The Paper Moon by Andrea Camilleri
|The Paper Moon by Andrea Camilleri|
|Reviewer: Sue Magee|
|Summary: The ninth book in the Montalbano series and they're still fresh and original. Superb plotting and excellent characters make this as close to perfect as a police procedural can be. Highly recommended.|
|Buy? Yes||Borrow? Yes|
|Pages: 320||Date: January 2009|
Michela Pardo was worried about her brother. They were close but Angelo had not been in contact with his family for several days. It's only with reluctance that Inspector Salvo Montalbano accompanies her to her brother's apartment and then only as an afterthought that they check the laundry room on the roof. Angelo Pardo had been shot in the face at point blank range and to add insult to injury his trousers are unzipped and left in a rather revealing way.
I do love these books. They're about as close to perfection as it's possible to get. Every time I start reading I think that the mystery is going to be solved quite simply – after all, the book itself is slim, the font easy on the eyes. How much substance can there really be in the book? There's even room for playful banter between the police colleagues, for an assistant whose massacre of the language could be tedious in less-skilled hands. Surely the plot can't be that complex?
But complex it is, with two beautiful women as suspects and one of them has a husband who knows all about her affair with Angelo Pardo. Can it really be that he not only condones it, but seems to encourage it? Why have two prominent politicians died recently, apparently of natural causes and what was their connection with the dead man? Add in some lethal cocaine, a computer which seems determined not to give up its secrets and a series of threatening letters and Montalbano struggles to make sense of it all. I lost count of the number of times when I thought that I had the 'whodunit' settled only to find that there were a few more twists to the story. This is plotting at its best.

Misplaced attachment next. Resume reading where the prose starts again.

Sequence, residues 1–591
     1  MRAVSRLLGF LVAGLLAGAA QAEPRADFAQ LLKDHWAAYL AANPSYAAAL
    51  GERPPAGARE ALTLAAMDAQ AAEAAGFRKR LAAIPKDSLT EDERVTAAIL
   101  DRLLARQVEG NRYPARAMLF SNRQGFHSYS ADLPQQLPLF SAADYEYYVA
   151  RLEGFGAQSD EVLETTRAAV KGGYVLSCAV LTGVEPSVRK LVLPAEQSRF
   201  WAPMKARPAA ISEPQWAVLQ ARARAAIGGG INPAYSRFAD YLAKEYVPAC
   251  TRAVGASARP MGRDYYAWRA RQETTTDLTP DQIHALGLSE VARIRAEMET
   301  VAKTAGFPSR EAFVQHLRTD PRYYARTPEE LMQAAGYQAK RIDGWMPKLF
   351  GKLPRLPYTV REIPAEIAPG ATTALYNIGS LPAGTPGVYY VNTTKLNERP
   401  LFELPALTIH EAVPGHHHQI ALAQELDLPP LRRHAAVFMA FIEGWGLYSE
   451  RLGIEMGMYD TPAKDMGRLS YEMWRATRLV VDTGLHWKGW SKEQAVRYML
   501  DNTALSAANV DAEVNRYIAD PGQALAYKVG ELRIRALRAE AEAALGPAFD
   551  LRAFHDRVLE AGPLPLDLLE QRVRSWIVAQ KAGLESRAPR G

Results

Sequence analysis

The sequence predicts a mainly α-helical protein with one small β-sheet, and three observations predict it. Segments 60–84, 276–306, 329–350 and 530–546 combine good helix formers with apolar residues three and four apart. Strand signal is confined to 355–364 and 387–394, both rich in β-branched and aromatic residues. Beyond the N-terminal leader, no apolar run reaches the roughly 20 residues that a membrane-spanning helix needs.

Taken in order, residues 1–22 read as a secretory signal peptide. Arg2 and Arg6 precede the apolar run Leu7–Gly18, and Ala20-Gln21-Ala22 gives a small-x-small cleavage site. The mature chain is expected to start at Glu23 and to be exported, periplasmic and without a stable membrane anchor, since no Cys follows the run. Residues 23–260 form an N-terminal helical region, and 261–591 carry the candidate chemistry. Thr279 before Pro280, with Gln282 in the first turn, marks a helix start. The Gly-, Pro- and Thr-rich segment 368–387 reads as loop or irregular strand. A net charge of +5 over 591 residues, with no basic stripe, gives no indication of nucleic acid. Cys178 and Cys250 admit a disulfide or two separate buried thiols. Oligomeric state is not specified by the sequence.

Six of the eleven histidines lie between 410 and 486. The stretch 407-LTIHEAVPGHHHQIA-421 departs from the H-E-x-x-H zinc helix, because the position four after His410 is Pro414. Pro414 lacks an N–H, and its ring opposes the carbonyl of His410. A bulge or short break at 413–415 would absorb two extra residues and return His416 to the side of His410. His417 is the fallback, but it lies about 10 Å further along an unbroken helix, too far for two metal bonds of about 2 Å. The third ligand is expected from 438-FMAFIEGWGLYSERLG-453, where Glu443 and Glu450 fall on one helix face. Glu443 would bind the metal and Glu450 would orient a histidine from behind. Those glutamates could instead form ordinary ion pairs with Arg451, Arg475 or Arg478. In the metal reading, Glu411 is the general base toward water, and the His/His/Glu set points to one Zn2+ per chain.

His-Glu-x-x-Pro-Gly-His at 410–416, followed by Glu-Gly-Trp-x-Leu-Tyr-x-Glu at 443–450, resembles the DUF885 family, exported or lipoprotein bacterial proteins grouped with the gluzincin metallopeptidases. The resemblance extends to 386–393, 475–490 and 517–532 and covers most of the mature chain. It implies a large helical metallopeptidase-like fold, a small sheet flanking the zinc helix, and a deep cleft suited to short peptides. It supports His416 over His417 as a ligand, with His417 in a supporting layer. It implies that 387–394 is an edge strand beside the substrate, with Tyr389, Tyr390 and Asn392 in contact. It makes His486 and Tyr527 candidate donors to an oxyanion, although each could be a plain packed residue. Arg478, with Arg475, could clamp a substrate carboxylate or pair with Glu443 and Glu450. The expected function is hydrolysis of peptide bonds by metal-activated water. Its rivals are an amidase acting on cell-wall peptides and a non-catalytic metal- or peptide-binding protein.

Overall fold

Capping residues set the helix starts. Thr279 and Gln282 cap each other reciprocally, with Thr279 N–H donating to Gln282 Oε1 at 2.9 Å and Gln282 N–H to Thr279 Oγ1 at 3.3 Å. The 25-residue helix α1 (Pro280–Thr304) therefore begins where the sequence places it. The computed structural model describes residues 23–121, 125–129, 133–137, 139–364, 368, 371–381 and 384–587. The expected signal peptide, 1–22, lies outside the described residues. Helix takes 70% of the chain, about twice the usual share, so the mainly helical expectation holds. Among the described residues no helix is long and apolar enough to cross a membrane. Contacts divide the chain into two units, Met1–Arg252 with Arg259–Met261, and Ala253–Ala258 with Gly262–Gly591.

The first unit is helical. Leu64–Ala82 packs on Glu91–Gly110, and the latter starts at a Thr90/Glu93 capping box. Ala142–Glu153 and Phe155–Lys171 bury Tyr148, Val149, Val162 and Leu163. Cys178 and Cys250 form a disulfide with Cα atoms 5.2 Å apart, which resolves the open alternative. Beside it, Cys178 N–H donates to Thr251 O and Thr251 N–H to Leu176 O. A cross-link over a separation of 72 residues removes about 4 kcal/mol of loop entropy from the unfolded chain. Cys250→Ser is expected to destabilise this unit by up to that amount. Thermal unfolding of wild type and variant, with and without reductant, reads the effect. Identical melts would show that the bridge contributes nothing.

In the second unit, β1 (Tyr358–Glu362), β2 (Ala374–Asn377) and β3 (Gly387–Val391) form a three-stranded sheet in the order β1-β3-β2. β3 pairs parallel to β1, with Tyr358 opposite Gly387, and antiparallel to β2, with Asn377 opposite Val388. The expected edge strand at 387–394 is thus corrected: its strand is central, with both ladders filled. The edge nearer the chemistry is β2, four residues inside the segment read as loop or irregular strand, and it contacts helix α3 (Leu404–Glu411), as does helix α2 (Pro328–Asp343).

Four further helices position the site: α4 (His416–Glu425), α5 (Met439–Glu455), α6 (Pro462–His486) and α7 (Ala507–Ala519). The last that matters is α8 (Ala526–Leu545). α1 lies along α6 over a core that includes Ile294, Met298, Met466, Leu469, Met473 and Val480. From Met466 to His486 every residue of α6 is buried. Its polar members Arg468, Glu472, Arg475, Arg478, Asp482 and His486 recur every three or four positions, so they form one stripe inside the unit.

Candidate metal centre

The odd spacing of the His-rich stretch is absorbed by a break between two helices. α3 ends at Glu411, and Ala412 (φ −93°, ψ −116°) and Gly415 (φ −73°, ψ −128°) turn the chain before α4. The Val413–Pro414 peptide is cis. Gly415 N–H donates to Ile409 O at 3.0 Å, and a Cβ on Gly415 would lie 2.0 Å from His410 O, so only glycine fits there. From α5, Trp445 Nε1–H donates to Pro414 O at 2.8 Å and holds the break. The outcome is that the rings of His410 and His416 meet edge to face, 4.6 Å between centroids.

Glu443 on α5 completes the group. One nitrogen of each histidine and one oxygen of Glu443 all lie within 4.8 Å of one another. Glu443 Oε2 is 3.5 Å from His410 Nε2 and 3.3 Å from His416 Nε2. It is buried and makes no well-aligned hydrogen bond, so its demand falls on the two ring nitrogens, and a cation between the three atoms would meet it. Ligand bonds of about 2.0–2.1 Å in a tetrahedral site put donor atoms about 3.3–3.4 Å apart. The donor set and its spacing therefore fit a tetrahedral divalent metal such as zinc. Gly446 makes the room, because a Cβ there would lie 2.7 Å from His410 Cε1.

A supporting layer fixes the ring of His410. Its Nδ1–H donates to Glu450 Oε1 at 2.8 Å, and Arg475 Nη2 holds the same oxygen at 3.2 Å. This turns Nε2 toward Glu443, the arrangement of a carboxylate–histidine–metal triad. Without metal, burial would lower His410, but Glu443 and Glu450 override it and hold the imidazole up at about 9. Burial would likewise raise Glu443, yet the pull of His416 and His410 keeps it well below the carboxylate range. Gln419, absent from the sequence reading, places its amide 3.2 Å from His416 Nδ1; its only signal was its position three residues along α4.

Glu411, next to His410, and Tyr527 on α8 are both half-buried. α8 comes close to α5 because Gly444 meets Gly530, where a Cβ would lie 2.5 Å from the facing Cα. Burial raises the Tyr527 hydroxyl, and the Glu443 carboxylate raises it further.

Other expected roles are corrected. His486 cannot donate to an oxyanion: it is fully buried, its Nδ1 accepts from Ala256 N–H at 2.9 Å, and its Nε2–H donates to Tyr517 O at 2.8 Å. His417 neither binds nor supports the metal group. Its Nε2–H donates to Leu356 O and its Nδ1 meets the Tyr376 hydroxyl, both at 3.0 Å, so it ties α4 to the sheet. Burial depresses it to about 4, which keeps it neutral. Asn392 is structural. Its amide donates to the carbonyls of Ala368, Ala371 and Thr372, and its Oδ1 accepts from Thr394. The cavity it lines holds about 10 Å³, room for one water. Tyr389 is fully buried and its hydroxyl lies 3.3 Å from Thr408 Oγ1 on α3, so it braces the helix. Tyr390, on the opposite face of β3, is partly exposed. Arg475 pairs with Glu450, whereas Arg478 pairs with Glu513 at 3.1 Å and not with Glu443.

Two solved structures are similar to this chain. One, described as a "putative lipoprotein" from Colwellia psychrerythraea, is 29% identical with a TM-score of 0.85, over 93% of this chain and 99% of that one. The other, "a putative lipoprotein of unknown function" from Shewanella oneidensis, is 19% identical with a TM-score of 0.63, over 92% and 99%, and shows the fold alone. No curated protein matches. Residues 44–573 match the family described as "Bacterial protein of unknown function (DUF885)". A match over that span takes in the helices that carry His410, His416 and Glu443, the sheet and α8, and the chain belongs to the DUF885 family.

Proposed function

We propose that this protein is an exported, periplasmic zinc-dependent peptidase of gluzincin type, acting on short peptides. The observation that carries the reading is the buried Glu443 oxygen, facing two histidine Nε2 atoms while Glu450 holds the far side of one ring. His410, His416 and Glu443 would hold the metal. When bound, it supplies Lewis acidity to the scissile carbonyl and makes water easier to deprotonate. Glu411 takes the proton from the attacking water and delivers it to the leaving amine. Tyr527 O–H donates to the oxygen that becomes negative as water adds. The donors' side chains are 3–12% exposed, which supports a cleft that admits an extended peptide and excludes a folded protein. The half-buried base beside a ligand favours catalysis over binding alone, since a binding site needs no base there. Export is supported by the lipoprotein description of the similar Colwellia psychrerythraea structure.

This is the ninth book in the series but Camilleri manages to keep the stories and the characters fresh. They're all stand-alone novels too – you might see individuals change, but if you read the books out of order nothing will spoil your enjoyment of an earlier story. I found more emphasis on Sicily in the earlier books but now the landscape and the glorious food simply permeates the atmosphere. Some of the strength of the book (when read in English) is down to the wonderful translation by poet Stephen Sartarelli but he couldn't make it better than the original.
It's difficult to suggest crime novels which compare with the Montalbano series. Donna Leon seems simply workmanlike in comparison. Even Michael Dibdin pales into insignificance. He's probably best compared with Ian Rankin at his best.
I'd like to thank the publishers for sending a copy to The Bookbag.
The Paper Moon by Andrea Camilleri is in the Top Ten Crime Novels.
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